Creative Women & ProjectsWomen's Rights

How a Girl Becomes a Woman (Poem) | Mercy Harold

This is how a girl becomes a woman.
It always happens the first day your nipple swells and running becomes a chore,
Especially the day blood blinks countlessly between your legs, you will have a conference meeting in a harmonious call with your mother and the spirit’s of your grandmother, great grandmother and the mother of her mothers, all the mothers before her mother,
For the first time, you will be called Woman with words blending with caution in what happens “when the handshake passes the elbow”
They will avoid words like’ breast, nipple, vagina, hymen, sex’
Their caution would be a stranger in your becoming, somehow we may like to call it fear,”the fear of being touched”
When the uncommon dance plays in the playground of growth and Tunde touches you “below your shoulder”, you will scream in accordance with what has been said to you;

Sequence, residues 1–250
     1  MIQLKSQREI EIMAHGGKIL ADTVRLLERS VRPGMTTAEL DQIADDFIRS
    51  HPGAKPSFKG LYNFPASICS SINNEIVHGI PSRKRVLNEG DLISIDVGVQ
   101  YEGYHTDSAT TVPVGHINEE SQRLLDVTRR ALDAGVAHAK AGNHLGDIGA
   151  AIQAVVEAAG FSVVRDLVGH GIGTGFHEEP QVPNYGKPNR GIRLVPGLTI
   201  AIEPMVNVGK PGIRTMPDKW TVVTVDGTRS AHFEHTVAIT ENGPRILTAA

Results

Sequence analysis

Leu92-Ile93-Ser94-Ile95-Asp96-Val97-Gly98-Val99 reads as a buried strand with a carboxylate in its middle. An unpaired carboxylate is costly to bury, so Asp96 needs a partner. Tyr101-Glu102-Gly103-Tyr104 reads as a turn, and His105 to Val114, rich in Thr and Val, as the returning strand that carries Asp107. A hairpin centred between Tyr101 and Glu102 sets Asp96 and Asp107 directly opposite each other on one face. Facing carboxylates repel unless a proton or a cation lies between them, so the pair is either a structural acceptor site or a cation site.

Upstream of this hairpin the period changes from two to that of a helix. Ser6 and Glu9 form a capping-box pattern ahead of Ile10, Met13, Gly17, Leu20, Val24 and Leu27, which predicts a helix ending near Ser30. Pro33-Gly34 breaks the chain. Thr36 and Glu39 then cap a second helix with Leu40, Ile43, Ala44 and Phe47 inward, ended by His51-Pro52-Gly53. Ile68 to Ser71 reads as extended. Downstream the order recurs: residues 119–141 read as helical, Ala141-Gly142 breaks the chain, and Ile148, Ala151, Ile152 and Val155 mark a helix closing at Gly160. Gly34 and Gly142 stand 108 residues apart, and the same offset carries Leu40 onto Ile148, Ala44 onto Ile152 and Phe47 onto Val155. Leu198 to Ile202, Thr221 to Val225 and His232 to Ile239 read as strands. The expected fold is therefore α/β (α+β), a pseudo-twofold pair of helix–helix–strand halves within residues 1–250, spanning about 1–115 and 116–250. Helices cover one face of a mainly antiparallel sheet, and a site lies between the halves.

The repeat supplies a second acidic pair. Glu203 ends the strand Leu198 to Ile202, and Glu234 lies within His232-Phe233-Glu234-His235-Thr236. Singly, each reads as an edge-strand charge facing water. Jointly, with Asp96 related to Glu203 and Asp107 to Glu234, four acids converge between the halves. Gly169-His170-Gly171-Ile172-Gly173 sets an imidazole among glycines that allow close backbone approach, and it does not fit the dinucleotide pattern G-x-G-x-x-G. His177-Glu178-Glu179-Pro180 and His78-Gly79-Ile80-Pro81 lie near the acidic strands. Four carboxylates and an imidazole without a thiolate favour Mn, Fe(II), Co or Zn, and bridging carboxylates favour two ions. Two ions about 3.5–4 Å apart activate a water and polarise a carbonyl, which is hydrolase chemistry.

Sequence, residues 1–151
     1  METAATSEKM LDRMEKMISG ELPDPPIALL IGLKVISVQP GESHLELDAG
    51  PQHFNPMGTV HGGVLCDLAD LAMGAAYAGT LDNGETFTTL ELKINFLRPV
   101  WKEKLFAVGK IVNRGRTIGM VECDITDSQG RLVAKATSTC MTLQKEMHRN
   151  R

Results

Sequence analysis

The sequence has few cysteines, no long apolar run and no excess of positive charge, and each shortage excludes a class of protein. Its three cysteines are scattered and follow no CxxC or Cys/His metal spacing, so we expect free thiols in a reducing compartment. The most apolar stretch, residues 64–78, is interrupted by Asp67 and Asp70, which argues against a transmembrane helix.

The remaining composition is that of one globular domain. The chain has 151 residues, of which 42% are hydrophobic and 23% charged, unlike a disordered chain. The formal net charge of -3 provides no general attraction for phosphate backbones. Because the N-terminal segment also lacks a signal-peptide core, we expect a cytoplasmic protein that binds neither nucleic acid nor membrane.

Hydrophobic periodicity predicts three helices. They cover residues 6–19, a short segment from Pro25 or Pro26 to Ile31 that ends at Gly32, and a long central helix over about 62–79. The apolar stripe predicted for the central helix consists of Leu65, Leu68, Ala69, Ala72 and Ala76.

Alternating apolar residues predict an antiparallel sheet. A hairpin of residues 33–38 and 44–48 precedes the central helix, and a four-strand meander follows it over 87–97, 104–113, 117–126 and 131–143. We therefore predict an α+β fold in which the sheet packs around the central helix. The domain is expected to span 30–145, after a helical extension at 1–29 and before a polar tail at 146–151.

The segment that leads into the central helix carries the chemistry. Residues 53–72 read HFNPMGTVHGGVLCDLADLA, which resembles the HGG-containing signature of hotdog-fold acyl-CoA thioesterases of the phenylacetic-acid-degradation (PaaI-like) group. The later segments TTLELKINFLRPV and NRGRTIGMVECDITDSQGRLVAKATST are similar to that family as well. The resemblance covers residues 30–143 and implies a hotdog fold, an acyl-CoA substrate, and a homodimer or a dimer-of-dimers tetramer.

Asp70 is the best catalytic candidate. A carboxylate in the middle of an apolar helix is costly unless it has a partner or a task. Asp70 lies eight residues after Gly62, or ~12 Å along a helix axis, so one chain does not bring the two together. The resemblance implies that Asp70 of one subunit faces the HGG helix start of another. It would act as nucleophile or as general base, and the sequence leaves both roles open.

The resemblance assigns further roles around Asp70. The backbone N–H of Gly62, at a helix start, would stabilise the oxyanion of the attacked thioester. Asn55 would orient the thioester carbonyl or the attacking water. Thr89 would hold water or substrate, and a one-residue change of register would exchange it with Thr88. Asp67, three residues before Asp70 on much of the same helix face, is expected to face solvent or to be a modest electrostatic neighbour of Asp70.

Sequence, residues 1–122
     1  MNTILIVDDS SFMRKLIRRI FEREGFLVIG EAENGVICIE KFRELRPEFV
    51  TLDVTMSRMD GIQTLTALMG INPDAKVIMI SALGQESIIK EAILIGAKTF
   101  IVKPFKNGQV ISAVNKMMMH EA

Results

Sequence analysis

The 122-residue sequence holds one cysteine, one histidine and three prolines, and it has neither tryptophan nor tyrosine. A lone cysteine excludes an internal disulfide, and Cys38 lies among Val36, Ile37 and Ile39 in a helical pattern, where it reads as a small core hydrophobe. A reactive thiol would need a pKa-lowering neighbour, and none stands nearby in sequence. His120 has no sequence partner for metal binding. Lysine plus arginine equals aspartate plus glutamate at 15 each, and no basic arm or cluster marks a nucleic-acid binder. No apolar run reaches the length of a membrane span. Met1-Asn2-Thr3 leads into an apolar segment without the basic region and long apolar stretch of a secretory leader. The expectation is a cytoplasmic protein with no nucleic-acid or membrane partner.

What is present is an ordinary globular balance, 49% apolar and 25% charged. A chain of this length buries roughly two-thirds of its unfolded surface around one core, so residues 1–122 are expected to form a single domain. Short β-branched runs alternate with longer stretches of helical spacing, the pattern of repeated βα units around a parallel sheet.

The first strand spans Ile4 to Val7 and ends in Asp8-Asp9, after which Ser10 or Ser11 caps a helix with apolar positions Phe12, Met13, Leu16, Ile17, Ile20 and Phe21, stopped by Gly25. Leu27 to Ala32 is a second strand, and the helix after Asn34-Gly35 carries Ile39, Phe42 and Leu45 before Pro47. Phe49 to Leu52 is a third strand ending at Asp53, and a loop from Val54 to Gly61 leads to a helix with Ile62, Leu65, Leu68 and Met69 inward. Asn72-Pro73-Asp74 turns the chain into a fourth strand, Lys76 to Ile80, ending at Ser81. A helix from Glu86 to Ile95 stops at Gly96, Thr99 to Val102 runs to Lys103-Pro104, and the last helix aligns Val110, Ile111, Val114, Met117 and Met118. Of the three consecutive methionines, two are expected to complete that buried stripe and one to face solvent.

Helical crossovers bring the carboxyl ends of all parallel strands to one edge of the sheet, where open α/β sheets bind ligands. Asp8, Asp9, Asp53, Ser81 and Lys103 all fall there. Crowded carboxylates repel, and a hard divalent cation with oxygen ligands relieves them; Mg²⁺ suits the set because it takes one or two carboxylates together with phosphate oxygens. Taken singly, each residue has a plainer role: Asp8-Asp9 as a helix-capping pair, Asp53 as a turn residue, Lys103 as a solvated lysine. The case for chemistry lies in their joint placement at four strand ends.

That day you will be schooled by another school of thought on what happens when the areola reaches a dark sunset and the blood that blinks refuses to visit,
When the day comes when your heart begins to beat in unmatching rhythms in waves colliding to the name of the man you love,
A time will come of bond quarantine, a moment when the sun stops peeping through leaves in a coy smile, Anxiety will hang in your decision,
“To be touched or left alone”
You will hear the voice of your mother, you will queer, you will debate, battle with the voices that have told you are worthy of pleasure, wrestle with the thoughts of Susan who had a cup full of pleasure and suffered from the hurtful hiccups of glares of single motherhood, your mind will snap to the pain that comes with removing a fetus down your tighs
The choice you make doesn’t diminish your value in the market of worth,
You are more than the broken or unbroken piece of flesh in the depth of your thighs.

Mercy Edmund Harold is a writer and poet, a “WOMANIST”, also known as the “pen mistress”, studied mass communication at NTA Television College Jos. In 2017 she began an online sequel called Tales of a black woman, it involves writing about issues affecting women.




Leave a Reply